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Where does MLB investigation even begin?

Commissioner Bud Selig did not rule out the possibility that active players may indeed be suspended for their past use of performance enhancing substances on Thursday.  Phil Rogers of the Chicago Tribune shared his thoughts on Countdown with Keith Olbermann.

Keith talked to Phil Rogers, national baseball columnist and reporter for the 'Chicago Tribune' to get some perspective on what Commissioner Bud Selig has been saying about Major League Baseball's steroid investigation in recent interviews. 

KEITH OLBERMANN, HOST, "COUNTDOWN":  A lot of the criticism against the commissioner seems to spring from the announcement of the investigation last week when he didn't say 'I'll suspend players if merited or I'll erase records if merited.'  He also did not say those things precisely but it seemed to me like he got a lot closer.  Is it fair to say anything and everything is on the table from his point of view? 

PHIL ROGERS, COLUMNIST AND REPORTER, “CHICAGO TRIBUNE”:  Oh, I think so.  That's kind of been my understanding all along.  I think there are a lot of people to look at all the things you can't do and the statute of limitations.  But I thought when he announced the investigation he cited his article two powers, best interest of the game powers.  And to me by saying that, he's saying that unilaterally I can decide to do anything I want to do here.

OLBERMANN:  There would be new territory.  Obviously players have been banned, players have been suspended, there have been drug investigations of various kinds, there have been investigations about every kind of wrongdoing imaginable and some that have been unimaginable.  But we have never had records actually altered or ignored in the baseball record book.  That was something he wouldn't rule out today.  Any idea how that would be done or under what those numbers would look like after they were dealt with? 

ROGERS:  Well that's a really slippery slope, I think, Keith.  And I know it's something that in the past the commissioner has really not wanted to strongly consider the asterisk or anything else like that.  You know the problem is, let's say you go back and you can positively say that in 2001 Barry Bonds was using banned substances, steroids and you can then go back and say Mark McGwire in 1998 was doing that.  What about Sammy Sosa? 

What if you can't say he was doing it and I just think once you start eliminating guys, and you know I think you're talking about the single season homerun record with those three names.  To get back to Roger Maris and maybe you're talking about the career homerun record if Bonds does pass Aaron.  I'm not sure he's going to pass Aaron because he's going to have to stay healthy and have to hit those homeruns in a hurry or suddenly have a lot of evidence disappear.  I think you know as you are advancing the story I think he's headed toward a suspension on the thing. 

OLBERMANN:  We also got a better idea in that interview what the Mitchell investigation is supposed to produce and what it's not going to do.  It's basically going to be Bud Selig's factual steroid bible.  It's going to be baseball's record book, if you will, on steroids.  If Barry Bonds used them and it can be proven it will be in there.  If he didn't or it can't be proven, it will be in there and then Bud Selig could hit people over the head with it as necessary.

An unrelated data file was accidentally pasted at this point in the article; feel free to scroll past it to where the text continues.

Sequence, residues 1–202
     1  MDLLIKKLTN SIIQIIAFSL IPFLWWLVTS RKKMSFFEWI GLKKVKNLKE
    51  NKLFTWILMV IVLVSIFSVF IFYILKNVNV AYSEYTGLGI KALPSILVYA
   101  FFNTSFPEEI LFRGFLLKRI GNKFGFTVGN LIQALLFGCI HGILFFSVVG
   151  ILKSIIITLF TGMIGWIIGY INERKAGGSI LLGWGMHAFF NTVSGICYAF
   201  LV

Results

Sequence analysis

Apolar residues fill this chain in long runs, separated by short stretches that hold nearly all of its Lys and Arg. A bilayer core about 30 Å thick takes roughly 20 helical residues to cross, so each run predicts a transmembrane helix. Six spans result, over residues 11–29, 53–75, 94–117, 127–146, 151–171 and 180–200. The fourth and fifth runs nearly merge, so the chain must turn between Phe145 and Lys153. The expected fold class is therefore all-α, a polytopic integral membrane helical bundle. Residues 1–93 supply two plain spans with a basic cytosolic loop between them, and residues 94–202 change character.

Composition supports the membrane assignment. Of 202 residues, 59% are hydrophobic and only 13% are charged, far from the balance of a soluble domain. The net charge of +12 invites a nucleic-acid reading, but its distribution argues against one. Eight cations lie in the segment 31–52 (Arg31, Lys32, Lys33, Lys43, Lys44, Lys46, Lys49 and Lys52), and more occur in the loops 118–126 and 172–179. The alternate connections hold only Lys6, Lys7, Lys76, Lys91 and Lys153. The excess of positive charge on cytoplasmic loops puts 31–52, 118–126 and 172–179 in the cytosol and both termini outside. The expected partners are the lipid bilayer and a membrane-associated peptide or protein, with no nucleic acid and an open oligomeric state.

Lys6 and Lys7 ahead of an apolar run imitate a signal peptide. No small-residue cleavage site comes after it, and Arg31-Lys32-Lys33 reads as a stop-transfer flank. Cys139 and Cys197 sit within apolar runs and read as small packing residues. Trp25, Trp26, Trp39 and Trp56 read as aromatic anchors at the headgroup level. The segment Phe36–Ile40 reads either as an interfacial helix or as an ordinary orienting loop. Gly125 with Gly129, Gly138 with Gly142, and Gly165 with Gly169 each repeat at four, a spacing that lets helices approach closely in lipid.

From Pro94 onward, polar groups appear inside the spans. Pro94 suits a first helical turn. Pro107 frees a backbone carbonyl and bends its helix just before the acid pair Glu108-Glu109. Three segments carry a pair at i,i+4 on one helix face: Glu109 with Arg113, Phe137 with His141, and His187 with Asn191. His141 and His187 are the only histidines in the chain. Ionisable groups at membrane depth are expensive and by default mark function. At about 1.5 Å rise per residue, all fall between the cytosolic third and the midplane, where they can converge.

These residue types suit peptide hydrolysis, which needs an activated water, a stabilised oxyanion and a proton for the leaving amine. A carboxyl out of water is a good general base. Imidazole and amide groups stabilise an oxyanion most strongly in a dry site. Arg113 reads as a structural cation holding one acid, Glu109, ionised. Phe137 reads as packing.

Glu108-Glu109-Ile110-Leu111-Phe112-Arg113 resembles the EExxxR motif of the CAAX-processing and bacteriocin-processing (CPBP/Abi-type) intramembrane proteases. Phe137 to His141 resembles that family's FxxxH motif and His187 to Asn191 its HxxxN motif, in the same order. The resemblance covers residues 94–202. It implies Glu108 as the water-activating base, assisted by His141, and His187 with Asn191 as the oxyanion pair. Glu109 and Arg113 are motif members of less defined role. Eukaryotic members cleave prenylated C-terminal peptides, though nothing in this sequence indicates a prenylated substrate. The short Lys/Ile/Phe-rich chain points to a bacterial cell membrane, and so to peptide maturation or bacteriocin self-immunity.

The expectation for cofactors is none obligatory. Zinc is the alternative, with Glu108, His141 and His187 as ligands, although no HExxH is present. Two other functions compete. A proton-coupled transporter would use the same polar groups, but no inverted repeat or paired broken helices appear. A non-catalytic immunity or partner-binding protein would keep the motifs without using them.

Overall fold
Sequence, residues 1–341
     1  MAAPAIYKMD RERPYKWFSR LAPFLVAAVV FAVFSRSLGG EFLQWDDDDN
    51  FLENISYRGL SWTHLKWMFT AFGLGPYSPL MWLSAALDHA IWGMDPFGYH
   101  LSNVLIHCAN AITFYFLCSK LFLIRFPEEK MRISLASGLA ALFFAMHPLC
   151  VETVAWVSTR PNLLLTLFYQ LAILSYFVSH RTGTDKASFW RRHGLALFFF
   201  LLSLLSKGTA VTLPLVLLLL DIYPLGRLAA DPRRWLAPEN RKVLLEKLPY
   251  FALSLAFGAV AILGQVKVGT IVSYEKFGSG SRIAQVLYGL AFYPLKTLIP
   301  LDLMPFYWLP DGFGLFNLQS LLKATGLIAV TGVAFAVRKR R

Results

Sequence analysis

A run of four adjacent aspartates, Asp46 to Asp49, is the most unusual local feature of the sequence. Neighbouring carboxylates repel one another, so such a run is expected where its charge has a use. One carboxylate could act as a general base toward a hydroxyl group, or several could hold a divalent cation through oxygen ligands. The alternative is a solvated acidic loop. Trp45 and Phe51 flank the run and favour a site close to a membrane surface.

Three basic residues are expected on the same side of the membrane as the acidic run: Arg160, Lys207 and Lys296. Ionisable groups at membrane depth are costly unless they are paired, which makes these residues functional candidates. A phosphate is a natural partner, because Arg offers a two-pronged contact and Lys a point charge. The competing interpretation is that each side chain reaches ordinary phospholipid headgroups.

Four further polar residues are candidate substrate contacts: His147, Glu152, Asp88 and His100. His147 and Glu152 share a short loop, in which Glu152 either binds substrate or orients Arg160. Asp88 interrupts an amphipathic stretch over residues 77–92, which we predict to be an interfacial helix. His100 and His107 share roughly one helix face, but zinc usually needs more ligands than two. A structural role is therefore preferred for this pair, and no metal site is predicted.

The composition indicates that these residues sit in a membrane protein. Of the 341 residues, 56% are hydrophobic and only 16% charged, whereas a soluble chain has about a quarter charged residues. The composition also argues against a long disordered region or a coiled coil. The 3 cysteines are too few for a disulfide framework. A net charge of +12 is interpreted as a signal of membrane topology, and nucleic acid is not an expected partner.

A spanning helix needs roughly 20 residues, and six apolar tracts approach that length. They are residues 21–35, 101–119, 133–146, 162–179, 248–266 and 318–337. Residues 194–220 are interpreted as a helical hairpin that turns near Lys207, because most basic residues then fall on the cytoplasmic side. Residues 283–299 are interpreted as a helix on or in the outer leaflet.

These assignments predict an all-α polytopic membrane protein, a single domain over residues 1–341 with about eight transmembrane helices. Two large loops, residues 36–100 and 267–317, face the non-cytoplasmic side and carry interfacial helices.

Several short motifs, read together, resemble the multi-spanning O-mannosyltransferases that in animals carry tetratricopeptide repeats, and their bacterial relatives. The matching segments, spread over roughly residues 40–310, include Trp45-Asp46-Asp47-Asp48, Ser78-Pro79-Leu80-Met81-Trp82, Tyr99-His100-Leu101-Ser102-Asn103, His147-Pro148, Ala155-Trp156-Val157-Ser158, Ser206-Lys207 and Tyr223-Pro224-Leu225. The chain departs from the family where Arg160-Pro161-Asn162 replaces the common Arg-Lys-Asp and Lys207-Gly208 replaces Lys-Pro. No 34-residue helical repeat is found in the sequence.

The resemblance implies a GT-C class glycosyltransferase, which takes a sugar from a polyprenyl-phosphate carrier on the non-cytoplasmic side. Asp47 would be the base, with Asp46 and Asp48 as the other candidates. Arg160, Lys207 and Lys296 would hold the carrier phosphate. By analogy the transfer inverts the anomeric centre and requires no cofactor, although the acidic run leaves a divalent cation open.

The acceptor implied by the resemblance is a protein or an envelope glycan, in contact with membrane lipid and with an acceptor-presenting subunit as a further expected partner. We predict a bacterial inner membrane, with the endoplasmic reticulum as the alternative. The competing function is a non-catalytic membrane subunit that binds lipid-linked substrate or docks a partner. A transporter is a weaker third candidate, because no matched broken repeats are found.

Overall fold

There was obviously a lot of fluidity that the commissioner referred to in that interview today.  It could be this year or the next year.  Is there any guesswork even as to when this is going to come to pass? 

ROGERS:  You know, it's a broad scope but you got to realize a lot of investigation and work has already been done ahead of time.  When I've talked to the commissioner he's been very careful to say he's not going to prejudge anything.  He wants us to be very fair.  Mitchell also made that point. 

But you know you can go back.  One of the members on the Mitchell committee, Carluji, a former assistant state or fed in California was monitoring Bonds' situation in 2005.  He has all the access to BALCO.  You can go back pretty far and I think they already have a lot of evidence that they're starting with.  So I will be surprised if a report doesn't come out before the 2007 season starts.

I think we're looking at probably a one-year process.  I mean it could be open-ended and go on forever because you know one lead could lead you to another.  But he was careful when he announced it, the talk about BALCO, and I think that somewhat narrows the scope depending on what comes and presents itself to Mitchell and the others on the committee. 

OLBERMANN:  After Dan and I spoke to the commissioner today, Dan asked me a question: who is going to testify to George Mitchell?  It probably won't be other players.  It'll probably be people like Barry Bonds' ex-mistress and anybody in trouble with the law who needs a recommendation letter to a judge or something. 

ROGERS:  Oh I'm sure it will.  And I think they're going to be very careful, Mitchell and his committee.  I think they will talk to everyone but I think they're going to throw out a lot of people if they feel they have an ax to grind or something to gain by testifying against a person.  You know, you go back, the “New York Daily News” last year or two years ago reported in 1994 an FBI agent went to Kevin Howelman, the head of security, to say some of your guys, your players are turning up in some of our investigations into steroids. 

You know they're going to go to that FBI guy and see where his now 10, 11-year-old leads go to.  You had other steroid investigations, I think, where you're going to find players linked to.  That's the kind of information that they're going to start with and then just be open to whatever lands in their lap that's credible from the public. 

OLBERMANN: Thanks for your time.